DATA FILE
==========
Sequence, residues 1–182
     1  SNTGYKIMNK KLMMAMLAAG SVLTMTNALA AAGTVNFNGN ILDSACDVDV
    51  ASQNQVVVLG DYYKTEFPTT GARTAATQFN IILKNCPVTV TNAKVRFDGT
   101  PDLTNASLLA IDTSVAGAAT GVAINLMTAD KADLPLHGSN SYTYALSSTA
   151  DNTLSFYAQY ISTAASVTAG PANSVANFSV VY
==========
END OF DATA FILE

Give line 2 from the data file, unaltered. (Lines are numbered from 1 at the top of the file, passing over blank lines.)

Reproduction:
     1  SNTGYKIMNK KLMMAMLAAG SVLTMTNALA AAGTVNFNGN ILDSACDVDV